Pittsburgh Steelers vs. Green Bay Packers: Super Bowl XLV Post-Game Analysis

This is one crazy battle of defenses with their stars Green Bay Packers Clay Matthews and Pittsburgh Steelers Troy Palomalu and their balanced offenses with their star wide receivers Green Bay Packers Greg Jennings and Pittsburgh Steelers Mike Wallace for the Super Bowl. Aaron Rodgers of the Green Bay Packers is fighting for his Super Bowl ring, and Pittsburgh Steelers Ben Roethlisberger is fighting for his third ring.  It is also the time of millions of dollars spent on a few minutes of commercial time for Super Bowl sponsors.  And lastly, it is the time for Pittsburgh Steelers, Green Bay Packers and football fans all around the world to enjoy lots of food, soda and alcoholic beverages. (And one final note, Dallas Cowboys owner Jerry Jones won’t be presenting the Vince Lombardi Trophy to his team in his stadium unfortunately.  For us Eagles fans and others around the nation, that is something to relish.)

Now to the post-game analysis of Super Bowl XLV at Cowboys Stadium in Dallas:

  • The fumble on the kickoff by Tramon Williams was a close one early first quarter for the Green Bay Packers.  Luckily, the Green Bay Packers recovered the ball.  Otherwise, this would have been a completely different ball game.
  • Donald Driver‘s 24-yard catch from Aaron Rodgers on their first drive in the first quarter was beautiful although the offense sputtered soon afterwards that drive.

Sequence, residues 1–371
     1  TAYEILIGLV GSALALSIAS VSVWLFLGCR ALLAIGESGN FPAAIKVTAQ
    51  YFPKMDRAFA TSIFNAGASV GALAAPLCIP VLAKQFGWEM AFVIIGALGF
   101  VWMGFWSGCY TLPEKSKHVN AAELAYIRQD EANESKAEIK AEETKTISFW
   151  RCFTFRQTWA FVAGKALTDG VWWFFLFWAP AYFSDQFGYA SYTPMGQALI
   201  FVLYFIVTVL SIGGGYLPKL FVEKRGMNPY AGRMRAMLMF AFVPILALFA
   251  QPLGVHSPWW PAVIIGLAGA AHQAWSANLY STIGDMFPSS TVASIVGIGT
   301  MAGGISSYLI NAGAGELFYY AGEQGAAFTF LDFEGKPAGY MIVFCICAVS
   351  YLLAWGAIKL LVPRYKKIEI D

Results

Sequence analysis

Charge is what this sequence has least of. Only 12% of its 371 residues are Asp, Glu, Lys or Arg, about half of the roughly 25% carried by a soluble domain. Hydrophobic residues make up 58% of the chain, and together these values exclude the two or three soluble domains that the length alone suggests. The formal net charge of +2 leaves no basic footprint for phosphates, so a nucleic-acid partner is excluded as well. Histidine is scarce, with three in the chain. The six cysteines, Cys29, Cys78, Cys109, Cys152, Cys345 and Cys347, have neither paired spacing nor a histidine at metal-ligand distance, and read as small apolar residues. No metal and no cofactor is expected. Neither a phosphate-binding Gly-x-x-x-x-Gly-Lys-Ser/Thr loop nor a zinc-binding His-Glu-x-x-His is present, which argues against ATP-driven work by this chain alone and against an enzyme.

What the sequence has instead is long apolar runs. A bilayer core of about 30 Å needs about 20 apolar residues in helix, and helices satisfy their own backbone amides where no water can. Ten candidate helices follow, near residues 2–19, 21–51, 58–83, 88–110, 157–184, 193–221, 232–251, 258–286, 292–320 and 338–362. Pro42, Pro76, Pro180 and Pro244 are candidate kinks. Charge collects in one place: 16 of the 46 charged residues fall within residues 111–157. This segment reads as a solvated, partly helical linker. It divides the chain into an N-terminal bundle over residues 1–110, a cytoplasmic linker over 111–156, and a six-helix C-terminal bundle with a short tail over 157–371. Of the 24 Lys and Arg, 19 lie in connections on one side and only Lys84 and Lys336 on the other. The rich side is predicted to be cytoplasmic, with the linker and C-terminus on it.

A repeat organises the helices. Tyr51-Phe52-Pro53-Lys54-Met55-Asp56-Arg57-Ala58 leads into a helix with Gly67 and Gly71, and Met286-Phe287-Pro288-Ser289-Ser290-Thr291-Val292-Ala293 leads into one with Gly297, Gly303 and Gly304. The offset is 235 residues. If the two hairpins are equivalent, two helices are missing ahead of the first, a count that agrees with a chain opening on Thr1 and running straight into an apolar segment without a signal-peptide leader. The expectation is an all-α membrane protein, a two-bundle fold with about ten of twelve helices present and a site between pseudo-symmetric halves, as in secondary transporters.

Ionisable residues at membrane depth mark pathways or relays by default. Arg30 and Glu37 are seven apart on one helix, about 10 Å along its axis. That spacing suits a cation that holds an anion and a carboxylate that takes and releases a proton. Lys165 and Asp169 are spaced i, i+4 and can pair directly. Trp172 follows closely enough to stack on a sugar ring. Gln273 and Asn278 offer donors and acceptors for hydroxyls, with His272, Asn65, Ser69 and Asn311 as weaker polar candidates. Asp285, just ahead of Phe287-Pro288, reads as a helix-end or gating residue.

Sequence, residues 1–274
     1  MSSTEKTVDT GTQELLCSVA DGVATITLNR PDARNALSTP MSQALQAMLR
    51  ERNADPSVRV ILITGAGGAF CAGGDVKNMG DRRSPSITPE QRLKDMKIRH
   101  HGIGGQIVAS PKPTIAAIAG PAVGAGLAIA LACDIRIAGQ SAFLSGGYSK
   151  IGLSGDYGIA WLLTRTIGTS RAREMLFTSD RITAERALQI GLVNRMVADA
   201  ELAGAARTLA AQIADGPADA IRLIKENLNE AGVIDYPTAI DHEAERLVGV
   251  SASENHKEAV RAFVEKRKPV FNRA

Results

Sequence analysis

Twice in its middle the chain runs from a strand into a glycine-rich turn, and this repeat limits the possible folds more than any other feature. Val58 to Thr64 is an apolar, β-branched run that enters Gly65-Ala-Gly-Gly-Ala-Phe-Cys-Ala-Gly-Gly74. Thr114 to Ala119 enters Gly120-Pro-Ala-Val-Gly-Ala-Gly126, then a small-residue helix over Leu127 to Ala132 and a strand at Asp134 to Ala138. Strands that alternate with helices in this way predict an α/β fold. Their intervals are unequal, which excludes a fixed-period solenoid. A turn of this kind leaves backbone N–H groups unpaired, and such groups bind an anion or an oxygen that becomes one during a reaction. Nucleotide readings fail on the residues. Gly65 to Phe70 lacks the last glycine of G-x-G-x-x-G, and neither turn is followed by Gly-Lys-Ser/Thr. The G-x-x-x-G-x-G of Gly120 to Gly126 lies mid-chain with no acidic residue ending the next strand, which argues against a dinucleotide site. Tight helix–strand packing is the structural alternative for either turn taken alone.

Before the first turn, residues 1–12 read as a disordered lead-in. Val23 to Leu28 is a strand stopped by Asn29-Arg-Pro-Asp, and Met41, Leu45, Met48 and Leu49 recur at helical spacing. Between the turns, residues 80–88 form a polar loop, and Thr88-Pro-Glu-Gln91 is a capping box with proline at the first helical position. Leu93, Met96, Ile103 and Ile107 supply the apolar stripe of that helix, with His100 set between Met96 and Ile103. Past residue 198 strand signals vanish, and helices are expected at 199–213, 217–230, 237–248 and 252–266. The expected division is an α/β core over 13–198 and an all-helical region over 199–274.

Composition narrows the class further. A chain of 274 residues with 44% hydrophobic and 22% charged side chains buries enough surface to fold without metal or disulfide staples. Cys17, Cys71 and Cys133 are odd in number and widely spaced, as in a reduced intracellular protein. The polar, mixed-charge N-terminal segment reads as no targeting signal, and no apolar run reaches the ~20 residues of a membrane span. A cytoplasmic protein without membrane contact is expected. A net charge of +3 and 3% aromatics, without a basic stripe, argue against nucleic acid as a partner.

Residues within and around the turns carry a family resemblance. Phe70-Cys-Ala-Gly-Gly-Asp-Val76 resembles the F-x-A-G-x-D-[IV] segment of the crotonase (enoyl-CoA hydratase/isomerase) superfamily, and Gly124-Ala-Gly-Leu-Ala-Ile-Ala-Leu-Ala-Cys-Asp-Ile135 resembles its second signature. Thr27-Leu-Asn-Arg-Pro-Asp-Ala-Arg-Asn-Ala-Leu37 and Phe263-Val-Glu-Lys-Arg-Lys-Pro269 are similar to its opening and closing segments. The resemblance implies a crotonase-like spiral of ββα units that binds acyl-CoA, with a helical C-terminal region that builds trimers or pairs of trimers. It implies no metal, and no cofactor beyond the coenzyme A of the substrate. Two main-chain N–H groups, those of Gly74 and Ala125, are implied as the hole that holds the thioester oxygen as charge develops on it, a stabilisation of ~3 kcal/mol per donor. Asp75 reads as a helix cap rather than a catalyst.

• The Pittsburgh Steelers defense harassed Green Bay Packers quarterback Aaron Rodgers early and often.  James Harrison ultimately caught up with Aaron Rodgers in the third quarter with a sack.
  • Jordy Nelson‘s 29-yard reception from Aaron Rodgers gave the Green Bay Packers at the close of the first quarter their first score of the game 7-0.
  • Green Bay Packers Pro Bowl safety Nick Collins interception of Pittsburgh Steelers Ben Roethlisberger returned for 37 yards and their second score in late first quarter to 14-0.  Wow.
  • Steelers Ben Roethlisberger’s late first quarter 18-yard rush was impressive.
  • Green Bay Packers cornerback Jarrett Bush’s interception in the last few minutes of the second quarter led to Greg Jenning’s 21-yard touchdown to bring the Green Bay Packers 21-3.
  • Ben Roethlisberger targeted Hines Ward for much of the last series of the second half and completed an 8-yard touchdown to bring the score to 21-10 Packers.
  • This was the half of injuries to the Pittsburgh Steelers and Green Bay Packers. Green Bay Packers Sam Shields and Charles Woodson left for the locker room for examination before the half.  Unfortunately, Charles Woodson suffered a collarbone injury and would not return.  On the opposite side of the ball, Steelers wide receiver Emmanuel Sanders would not return as well.
  • Packers quarterback Aaron Rodgers was more effective into the half with a 134.6 quarterback rating on 2 touchdowns and 137 yards.  Meanwhile, Steelers quarterback Ben Roethlisberger was less effective at 58.3 quarterback rating on 2 interceptions, a touchdown and 143 yards passing.
  • Interestingly enough, Green Bay Packers running back James Starks was more effective at 37 yards and 5.3 yards per carry into the half.  On the other hand, Steelers Rashard Mendenhall had 3o yards and 3.8 yards per carry.
  • Black Eyed Peas midnight rave halftime was interesting to say the least. Where’s a clothing malfunction when you need one?  On the bright side, Slash’s awesome guitar shredding  redeemed the show — a little bit. Remind me to gouge my eyes out next time — and not to watch any scheduled halftime shows on the NFL Network with the Black Eyed Peas anytime soon.